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eat-bolete

Blushing Amanita help

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I think I’ll brave up ant try a blusher this year. So, before I start finding them, I wanted to see if I’m on the right track. I understand more details needed to solidly ID blushers but I only have these photos from previous years for now. Do you see anything on these photos that makes you doubt it’s a blusher? If so, which species would you check? Especially the 1st photo with a clump of Amanitas, I see the base is more pronounced as if there is volva, what do you think?

 

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Often I see these in the summer. Your photos look like them. A good source of info is Amanitaceae.org. It list it in in the section Validae under amerirubescence, the Eastern American Blusher. I often casually ID them never thinking of eating them but I see it listed as a good edible at Mycoquebec.  I'm sure Dave will have something to say about this. Saw 2 different Amanitas so far this year. When I see these I'll post them.

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I tried eating Blushing Amanitas a few times (many years ago). Once I thought the flavor was good and once I thought not so good. In NA, the blushers comprise a complex of related species. In some places (possibly only one of) these types are popular edibles. I have herd that blushers need to be well-cooked to remove a toxin. The related "Yellow Blusher", A. flavorubens, is suspected to be toxic.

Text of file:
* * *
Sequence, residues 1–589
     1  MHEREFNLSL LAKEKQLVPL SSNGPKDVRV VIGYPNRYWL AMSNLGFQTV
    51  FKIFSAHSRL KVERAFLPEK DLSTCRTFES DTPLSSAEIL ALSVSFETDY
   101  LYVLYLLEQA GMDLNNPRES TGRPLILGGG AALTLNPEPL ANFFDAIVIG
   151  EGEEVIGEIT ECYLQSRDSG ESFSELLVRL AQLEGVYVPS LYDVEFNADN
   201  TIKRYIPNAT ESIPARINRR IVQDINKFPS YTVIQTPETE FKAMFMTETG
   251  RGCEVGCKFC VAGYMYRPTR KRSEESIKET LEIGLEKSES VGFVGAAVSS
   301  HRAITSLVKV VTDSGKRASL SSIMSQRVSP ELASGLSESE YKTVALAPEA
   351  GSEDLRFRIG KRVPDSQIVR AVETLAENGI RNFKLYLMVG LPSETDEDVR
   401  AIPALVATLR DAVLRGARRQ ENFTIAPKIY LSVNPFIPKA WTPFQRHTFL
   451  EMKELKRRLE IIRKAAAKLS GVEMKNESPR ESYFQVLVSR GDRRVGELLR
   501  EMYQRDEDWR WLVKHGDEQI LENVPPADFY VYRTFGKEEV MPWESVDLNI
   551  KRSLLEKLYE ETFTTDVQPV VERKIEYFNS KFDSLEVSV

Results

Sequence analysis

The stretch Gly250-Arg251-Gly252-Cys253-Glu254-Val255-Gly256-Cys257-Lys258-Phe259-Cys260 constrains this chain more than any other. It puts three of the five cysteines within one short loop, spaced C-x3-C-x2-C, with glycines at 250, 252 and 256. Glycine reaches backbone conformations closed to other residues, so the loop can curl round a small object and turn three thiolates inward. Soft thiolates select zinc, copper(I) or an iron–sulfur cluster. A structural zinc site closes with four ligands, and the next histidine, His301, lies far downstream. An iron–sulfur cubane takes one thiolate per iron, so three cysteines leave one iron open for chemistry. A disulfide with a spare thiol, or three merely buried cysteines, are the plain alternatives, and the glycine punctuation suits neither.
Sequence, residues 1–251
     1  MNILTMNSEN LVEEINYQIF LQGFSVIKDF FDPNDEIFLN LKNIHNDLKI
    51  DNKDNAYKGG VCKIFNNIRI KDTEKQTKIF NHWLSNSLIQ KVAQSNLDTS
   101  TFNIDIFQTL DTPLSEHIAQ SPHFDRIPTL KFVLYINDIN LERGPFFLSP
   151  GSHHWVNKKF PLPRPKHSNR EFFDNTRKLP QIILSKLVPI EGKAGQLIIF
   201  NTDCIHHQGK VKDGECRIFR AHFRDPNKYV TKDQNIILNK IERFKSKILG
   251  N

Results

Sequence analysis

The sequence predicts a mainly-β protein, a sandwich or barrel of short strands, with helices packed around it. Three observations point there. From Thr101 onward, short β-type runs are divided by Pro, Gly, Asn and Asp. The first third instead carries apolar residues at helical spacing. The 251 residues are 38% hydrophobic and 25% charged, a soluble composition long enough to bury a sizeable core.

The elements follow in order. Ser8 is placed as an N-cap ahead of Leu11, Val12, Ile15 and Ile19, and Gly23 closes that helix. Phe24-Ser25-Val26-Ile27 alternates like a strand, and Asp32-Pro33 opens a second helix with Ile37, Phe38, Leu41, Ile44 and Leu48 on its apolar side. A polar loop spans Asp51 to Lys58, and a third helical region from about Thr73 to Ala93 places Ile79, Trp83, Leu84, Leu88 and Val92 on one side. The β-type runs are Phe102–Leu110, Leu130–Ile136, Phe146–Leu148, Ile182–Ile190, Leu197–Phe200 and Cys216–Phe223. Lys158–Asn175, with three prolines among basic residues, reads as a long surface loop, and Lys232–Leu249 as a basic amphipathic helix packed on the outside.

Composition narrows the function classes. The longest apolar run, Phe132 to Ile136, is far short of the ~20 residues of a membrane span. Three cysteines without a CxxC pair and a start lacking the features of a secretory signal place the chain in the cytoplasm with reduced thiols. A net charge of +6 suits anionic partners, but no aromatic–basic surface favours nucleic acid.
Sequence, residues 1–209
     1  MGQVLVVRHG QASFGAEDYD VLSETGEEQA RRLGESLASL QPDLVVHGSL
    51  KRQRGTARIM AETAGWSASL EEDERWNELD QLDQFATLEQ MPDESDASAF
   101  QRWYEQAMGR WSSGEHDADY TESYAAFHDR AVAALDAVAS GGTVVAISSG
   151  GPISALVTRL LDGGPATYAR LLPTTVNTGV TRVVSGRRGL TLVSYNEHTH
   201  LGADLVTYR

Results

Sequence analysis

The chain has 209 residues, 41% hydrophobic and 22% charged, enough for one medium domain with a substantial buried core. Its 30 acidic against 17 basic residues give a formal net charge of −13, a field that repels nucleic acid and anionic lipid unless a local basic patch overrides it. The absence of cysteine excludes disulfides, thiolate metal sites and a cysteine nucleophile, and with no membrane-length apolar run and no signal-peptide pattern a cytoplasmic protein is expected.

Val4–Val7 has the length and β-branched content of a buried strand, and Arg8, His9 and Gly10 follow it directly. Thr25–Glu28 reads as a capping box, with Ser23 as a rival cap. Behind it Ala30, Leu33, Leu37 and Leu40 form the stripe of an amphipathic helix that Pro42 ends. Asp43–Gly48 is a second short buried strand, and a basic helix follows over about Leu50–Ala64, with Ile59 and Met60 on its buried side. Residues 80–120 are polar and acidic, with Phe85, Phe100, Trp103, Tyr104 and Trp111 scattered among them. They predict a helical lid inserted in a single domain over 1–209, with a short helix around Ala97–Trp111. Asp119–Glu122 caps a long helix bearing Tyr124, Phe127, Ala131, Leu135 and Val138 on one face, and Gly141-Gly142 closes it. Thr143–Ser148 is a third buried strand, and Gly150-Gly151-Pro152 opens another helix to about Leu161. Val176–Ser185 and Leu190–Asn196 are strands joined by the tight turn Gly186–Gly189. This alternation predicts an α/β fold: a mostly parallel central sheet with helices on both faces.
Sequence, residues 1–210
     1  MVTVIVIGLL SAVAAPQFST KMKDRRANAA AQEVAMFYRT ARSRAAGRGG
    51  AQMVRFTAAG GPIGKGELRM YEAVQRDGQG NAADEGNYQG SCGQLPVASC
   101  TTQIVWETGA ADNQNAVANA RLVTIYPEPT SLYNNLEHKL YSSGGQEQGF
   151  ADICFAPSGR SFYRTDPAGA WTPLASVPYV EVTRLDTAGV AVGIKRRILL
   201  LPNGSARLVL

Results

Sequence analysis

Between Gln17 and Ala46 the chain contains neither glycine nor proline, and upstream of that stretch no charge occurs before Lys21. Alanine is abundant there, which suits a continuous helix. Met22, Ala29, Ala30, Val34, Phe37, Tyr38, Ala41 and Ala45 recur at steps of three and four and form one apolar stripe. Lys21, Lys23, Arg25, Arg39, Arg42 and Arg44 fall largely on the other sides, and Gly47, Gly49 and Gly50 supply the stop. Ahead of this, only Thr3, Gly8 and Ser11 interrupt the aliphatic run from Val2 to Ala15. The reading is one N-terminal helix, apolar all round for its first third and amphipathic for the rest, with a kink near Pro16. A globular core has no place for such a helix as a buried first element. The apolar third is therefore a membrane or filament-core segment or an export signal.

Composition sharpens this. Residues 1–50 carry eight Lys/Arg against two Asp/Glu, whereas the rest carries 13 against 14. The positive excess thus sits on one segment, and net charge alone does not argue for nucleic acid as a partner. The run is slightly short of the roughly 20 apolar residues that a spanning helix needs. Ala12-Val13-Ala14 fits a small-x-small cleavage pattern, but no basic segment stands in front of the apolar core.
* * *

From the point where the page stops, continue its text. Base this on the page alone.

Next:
The A. rubescens types don't show a lot of volval structure on the stipe bases. Most of the universal veil is deposited on the cap. The mushrooms pictured all look to represent the (ameri)rubescens concept. Look at the diverse appearances seen in the 43 photos here https://www.mycoquebec.org/bas.php?trie=A&l=l&nom=Amanita amerirubescens Tulloss nom. prov. / Amanite rougissante&tag=Amanita amerirubescens&gro=13 . 

The only ones that makes me wonder a bit are seen in the first photo. The stipes are a bit shaggy and the uv warts on the caps are particularly well-developed. Compare with Amanita canescens. 

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Thanks Dave and bobby.

I see they vary a bit in appearance, I’ll be looking for speciment exhibiting all matching characteristics such as non-white specks on the cap, annulus with striations, absence of distinct volva, staining of flesh inside and out, absense of unpleasant smell, adnexed gills.

Will post to confirm before consuming. Cooking will include parboiling and then frying. Tiny amount of course.

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This looks like A amerirubescens. The stem enlarged toward the base without veil remnants. It had some reddish staining in the stem. It was in oaks at north park. Yesterday. amerirubescens?

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I think so, bobby. Another trait to note is that in most cases the amerirubescens types have non-striate cap margin, as is seen in your specimen and in each of eat-bolete's photos. 

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Nice! I recently checked my parks, nothing except M. rodmanii and sporadic P. cervinus yet.

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